(Credit: NASA)

Conversely, some meteorites on Mars must have originated from Earth.

Winds at speeds up to 100 km/hr travel across the Martian surface. The craters in this image, caused by impacts in Mars’ past, all show different degrees of erosion. Some still have defined outer rims and clear features within them, while others are much smoother and featureless, evidence of old age and erosion. On Earth, a small but significant percentage of our meteorites originate from Mars; it is unknown what fraction of Martian impacts originate from Earth-based rocks, and whether life stowed-away on any of them.
(Credit: ESA/DLR/FU Berlin, CC BY-SA 3.0 IGO)

If Mars possessed life, did Earth “seed” it?

comet collide with earth
Earth, as well as all planets and moons with rocky surfaces, has experienced a large number of collisions from objects of extraterrestrial origin. If any of them contained not just precursor molecules to life but actual living organisms, they could have served as the seeds for life on our own planet. This applies to planet Earth potentially “seeding” other worlds as well.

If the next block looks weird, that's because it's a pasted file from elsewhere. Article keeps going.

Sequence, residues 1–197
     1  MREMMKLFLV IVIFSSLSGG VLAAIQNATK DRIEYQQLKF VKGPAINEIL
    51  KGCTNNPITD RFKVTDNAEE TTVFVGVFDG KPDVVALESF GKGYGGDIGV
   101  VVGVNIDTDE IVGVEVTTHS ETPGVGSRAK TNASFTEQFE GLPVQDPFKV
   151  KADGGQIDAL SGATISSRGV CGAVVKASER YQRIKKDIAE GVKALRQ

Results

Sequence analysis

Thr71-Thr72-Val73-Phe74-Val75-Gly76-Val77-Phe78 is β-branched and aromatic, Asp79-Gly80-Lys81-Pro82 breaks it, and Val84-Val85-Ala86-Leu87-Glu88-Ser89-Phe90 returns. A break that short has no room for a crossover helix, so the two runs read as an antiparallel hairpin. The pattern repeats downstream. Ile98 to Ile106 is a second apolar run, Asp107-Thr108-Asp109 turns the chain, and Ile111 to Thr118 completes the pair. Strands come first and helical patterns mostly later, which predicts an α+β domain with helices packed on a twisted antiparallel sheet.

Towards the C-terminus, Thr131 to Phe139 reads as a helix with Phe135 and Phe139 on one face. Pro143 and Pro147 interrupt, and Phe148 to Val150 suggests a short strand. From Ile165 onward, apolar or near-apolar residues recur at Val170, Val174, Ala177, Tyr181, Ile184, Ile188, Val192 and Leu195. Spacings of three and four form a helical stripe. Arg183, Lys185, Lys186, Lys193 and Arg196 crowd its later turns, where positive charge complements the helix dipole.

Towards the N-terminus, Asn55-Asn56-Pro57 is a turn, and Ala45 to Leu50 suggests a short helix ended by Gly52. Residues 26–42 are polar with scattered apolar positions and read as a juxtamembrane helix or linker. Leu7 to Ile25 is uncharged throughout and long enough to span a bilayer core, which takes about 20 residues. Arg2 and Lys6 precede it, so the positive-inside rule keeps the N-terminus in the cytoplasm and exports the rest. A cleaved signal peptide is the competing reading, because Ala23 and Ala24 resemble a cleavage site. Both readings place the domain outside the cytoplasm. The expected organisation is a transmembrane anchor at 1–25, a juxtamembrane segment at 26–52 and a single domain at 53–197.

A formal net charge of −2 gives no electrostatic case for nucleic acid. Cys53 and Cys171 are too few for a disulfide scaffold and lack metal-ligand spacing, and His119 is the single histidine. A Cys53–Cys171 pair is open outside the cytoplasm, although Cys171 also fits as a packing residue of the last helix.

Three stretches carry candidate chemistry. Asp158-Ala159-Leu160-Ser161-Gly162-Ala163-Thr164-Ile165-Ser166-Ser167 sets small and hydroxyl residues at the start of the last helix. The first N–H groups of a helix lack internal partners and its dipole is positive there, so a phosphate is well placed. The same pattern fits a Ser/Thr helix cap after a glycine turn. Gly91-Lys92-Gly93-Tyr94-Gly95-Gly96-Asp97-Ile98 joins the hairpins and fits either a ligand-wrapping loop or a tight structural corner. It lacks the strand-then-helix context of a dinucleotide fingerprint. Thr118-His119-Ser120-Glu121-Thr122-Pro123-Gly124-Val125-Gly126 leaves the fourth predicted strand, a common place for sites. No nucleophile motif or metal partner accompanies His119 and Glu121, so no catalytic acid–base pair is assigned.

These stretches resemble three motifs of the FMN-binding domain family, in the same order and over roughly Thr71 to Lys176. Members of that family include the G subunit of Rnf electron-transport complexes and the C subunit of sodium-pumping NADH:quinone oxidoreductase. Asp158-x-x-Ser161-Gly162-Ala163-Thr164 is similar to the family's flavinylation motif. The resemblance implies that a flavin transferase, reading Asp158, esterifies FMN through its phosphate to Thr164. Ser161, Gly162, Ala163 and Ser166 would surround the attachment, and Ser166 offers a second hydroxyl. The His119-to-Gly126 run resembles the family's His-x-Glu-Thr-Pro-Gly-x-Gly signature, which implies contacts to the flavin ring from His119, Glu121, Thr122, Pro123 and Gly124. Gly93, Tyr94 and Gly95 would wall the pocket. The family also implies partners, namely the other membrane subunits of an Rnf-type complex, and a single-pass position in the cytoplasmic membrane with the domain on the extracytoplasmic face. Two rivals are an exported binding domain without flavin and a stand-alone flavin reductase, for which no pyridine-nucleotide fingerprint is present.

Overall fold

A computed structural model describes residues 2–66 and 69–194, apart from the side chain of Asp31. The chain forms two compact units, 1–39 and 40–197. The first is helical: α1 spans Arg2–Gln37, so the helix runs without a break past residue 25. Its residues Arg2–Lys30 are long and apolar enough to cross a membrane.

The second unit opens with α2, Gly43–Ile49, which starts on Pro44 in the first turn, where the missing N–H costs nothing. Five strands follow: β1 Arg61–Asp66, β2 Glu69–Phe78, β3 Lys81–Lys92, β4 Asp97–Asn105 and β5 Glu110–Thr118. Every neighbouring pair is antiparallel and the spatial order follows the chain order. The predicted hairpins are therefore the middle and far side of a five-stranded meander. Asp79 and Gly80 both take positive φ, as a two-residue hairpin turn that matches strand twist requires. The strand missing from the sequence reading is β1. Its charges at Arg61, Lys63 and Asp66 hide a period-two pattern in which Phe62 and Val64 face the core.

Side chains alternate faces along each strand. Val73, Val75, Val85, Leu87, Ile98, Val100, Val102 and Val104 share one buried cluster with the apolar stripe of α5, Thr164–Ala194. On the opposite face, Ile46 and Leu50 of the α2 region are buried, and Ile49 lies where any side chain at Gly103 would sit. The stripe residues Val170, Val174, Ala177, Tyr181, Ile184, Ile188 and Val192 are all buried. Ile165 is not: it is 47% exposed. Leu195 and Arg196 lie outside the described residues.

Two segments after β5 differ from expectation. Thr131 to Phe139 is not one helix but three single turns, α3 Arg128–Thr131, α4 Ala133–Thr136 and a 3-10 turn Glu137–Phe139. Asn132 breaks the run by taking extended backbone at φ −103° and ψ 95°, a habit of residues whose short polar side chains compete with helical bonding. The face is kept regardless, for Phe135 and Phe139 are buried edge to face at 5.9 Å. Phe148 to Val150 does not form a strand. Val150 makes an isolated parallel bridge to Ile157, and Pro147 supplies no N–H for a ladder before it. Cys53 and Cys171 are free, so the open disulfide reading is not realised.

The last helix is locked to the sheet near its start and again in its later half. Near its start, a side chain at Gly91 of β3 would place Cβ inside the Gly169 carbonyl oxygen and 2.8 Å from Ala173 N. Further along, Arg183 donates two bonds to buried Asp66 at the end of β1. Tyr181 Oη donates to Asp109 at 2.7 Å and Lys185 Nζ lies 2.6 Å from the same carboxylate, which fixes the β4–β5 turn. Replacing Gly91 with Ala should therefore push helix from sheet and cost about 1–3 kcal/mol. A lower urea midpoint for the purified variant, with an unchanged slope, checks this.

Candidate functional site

(Credit: James Thew via Adobe Stock)

And where did Earth’s life ultimately originate?

The panspermia hypothesis notes that on any world where life arises, impacts will occur, potentially kicking that life up and out of its home world, where it can seed new life on potentially habitable worlds both nearby and also far away in both space and time.
(Credit: Count Nightmare/Wikimedia Commons)

Lessons for life’s cosmic ubiquity may be awaiting us next door: on Mars.

NASA’s Curiosity Mars Rover detected fluctuations in the methane concentration of Mars’s atmosphere seasonally and at specific locations on the surface. This can be explained via either geochemical or biological processes; the evidence is not sufficient to decide at present. However, future missions, such as Mars Sample Return, may enable us to determine whether fossilized, dormant, or active life exists on Mars. Right now, we can only narrow down the physical possibilities; more information is required to determine which pathway accurately reflects our physical reality.
(Credit: NASA/JPL-Caltech/SAM-GSFC/Univ. of Michigan)

Mostly Mute Monday tells an astronomical story in images, visuals, and no more than 200 words. Talk less; smile more.

In this article


Up Next